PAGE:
If 'FOMO' Is Derailing You As a Mom, 'COMO' Will Set You Free

On this National Working Moms Day I must start by acknowledging that all mothers work, whether you have a paid or unpaid job, inside or outside of your home. Parents and caregivers of all genders provide and deeply care for our families with the gravity (and joy) of responsibility and the tension of balance. And as my friend and founder of Mother Untitled Neha Ruch often shares, there is power in not delineating them — embracing more gray than black and white.

In fact, in this window coming from last week’s International Women’s Day to today, all the way through May as the Month of mothers, let’s think about how we can all flip the script to one that is empowering and inclusive while celebrating our differences and superpowers. Our success as caregivers ultimately will be because we support each other. We need less guilt and judgment, more community, and maybe some new vocabulary. So, while my lens is as a working outside of the home mom perspective (and transparently, this is written on a train commute) know that everything I’m sharing, I’m sure you’ve all felt too — wherever you are on your journey, even pre-pregnancy, to working parenthood.

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January feels like a month of eight years that leads into February for five minutes. The last part of the year moves at a clip with celebrations and must-dos that culminate in the most awkward week of the year before New Year’s and “let’s circle back in January”. Then — just like the flip of the calendar — the ramping up happens again. It’s enough to give everyone FOMO.

FOMO (Fear of Missing Out) is ubiquitous for parents. There’s so much you don’t want to miss out on, layered with how much you must do, in a complex Jenga that resets constantly, but for some reason always to the point when the tower is on the brink. As a working mom, I had to learn to better assess my FOMO. Striving for an unattainable work-life balance every day was just not going to cut it. While I do get a boost from making the early train, sometimes (often) with a jog through Grand Central, there are two things that have set me free.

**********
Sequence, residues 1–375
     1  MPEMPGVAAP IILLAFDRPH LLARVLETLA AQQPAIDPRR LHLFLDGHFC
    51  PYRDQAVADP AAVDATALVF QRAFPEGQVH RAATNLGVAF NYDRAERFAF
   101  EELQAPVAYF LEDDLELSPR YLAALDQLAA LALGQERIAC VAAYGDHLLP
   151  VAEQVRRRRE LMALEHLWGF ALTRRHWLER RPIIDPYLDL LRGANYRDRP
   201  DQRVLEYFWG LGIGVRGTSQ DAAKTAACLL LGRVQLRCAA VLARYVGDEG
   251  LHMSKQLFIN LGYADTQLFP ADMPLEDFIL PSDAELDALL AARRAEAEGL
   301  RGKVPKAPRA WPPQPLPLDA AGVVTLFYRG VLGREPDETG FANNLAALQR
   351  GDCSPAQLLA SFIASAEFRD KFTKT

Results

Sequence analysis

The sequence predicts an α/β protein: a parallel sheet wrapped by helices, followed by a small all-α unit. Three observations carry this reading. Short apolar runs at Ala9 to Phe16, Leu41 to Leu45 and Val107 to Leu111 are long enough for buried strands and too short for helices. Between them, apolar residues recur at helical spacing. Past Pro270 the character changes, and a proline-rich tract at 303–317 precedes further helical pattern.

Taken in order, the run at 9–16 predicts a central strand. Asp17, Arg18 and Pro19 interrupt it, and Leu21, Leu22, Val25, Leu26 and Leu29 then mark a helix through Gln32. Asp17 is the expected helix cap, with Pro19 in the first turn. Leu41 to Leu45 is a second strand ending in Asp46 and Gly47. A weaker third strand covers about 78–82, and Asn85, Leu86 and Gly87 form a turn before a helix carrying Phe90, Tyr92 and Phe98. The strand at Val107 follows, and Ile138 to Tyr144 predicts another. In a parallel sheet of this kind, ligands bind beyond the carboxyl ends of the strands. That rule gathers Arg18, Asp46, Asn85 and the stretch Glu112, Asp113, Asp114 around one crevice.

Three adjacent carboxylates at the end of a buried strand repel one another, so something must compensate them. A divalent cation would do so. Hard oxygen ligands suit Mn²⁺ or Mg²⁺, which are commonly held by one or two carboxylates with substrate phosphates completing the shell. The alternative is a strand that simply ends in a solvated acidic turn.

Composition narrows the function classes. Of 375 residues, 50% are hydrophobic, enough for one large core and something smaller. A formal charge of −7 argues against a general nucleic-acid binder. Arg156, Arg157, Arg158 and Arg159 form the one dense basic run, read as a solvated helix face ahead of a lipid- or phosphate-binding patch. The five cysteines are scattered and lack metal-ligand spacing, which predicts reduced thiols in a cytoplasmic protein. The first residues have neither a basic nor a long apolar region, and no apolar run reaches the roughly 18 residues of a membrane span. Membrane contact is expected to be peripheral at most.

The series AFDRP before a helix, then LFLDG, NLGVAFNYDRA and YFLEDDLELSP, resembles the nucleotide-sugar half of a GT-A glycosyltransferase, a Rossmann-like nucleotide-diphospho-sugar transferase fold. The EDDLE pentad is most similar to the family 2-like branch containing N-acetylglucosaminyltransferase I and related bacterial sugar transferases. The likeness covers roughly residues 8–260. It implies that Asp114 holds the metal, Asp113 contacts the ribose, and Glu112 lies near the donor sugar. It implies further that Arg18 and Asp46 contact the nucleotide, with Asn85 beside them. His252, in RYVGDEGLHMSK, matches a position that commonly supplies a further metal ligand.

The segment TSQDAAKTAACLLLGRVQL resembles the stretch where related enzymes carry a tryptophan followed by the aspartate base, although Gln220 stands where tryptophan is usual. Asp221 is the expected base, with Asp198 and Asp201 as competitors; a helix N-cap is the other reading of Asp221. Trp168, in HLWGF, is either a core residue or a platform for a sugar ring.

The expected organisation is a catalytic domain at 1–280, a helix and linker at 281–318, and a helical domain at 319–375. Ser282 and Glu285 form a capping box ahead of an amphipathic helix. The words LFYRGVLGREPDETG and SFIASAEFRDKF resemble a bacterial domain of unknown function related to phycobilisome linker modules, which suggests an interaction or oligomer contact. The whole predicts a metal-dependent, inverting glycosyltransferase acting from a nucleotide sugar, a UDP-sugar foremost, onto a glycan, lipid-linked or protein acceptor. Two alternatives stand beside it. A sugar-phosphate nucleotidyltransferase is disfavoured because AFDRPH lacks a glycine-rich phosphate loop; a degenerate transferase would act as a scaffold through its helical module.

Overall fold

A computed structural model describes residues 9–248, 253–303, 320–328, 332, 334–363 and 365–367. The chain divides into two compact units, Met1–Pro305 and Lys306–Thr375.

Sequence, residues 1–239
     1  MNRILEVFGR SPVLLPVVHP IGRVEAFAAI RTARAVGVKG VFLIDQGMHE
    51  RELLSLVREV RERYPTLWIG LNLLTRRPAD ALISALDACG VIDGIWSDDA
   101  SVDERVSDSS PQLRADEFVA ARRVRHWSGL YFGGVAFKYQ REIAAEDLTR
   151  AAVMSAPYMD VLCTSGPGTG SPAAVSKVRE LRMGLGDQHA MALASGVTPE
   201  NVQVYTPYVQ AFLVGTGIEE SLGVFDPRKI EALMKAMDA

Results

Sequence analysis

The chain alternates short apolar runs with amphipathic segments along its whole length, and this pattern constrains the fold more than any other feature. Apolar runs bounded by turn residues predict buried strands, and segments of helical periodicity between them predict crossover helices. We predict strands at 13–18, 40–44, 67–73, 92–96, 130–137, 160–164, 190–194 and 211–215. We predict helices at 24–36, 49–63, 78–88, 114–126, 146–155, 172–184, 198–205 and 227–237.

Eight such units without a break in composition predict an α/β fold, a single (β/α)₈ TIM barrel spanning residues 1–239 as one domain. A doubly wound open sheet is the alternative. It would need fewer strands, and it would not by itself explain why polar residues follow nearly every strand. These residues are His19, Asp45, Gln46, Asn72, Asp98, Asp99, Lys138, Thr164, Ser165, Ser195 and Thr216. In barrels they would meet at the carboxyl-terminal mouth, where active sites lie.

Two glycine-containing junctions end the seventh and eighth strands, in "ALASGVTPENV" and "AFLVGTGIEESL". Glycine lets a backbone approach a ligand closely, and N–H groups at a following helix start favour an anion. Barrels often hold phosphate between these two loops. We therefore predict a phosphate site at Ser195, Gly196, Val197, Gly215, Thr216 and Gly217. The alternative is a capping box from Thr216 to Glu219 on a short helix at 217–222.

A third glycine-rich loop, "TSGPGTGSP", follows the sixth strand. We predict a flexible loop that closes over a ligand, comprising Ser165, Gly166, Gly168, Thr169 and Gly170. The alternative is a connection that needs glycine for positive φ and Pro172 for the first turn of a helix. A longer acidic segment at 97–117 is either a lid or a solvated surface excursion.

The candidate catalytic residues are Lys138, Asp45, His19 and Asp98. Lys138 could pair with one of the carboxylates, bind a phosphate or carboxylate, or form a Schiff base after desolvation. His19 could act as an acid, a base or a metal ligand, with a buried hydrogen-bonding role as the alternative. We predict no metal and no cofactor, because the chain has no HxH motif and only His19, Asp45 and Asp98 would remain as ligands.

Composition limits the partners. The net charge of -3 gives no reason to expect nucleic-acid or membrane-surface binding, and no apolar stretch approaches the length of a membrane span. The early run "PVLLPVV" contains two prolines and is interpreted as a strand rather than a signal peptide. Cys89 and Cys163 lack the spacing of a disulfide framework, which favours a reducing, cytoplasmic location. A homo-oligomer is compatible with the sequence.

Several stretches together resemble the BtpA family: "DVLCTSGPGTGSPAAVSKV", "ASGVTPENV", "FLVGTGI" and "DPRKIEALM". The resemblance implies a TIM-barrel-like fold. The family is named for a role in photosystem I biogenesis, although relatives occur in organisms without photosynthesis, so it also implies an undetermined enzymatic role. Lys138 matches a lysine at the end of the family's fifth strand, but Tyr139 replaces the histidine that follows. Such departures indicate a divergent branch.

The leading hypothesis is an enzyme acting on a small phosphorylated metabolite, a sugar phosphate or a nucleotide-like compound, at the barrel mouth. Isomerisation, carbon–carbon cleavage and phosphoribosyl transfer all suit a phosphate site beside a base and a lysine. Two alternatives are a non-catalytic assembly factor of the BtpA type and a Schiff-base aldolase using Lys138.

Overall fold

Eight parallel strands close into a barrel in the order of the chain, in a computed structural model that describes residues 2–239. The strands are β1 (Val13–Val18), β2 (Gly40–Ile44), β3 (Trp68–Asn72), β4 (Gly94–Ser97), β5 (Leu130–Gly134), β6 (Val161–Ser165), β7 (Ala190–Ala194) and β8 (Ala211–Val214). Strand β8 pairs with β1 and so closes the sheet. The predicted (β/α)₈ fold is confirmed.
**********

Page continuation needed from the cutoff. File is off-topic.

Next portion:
First: embracing COMO (Certainty of Missing Out). In my book, Carry Strong: An Empowered Approach to Navigating Pregnancy and Work, I write that COMO allows you to better delineate what (and who) matters most, with certainty that it’s impossible to be in two (or more) places at the same time, mentally and physically.  This certainty enables me to better anticipate — and to also appreciate — where I am solidly, over-time, or even doing unnecessary over-time.  With less fear comes better follow-through. This helps me prioritize what matters most, with a little less guilt and a little more gratitude.

This leads me to the second idea: work-life fluidity. On this Working Moms Day, recalibrate your balance. Balance takes tremendous effort, and it’s important to find it for our mental and physical health — but your life is not yoga, or a seesaw with work on one side and life on the other; it’s a sliding scale. There are days, weeks, months, but also moments where we slide from much more “work” than “mom”, but that doesn’t mean that sliding is a permanent report card of our character. Thinking about work-life fluidity means that there is movement that creates momentum, but also recognizes the ephemeral nature of both the good and bad parts of our days — one sparking joy, the other letting go.

Last but not least, listen for loud FOMO. While COMO can be freeing, it doesn’t mean that your gut isn’t telling you something to listen to. Especially as a parent, recognize when to throw out the perfectly orchestrated schedule, deliberately knock over the Jenga, and say yes to those spontaneous moments you can’t get back. Last weekend my sons woke up on a very rainy Saturday and said they were craving popovers … while an intense work week meant I was toast and Sunday’s to-do list was looming, I made the popovers, watched three episodes of Great British Baking Show Kids, and ended up with a kitchen full of frosting for a “Showstopper”.

This was something different: the joy of missing out (JOMO), which might just be what we all need to reset the clock, even in March. Remember, it isn’t about making time for what matters most, it’s who — and that includes you.

Stephanie Kramer is the author of “Carry Strong: An Empowered Approach to Navigating Pregnancy and Work”, the Chief Human Resources Officer (CHRO) of L’Oreal USA, and mother of two young sons.

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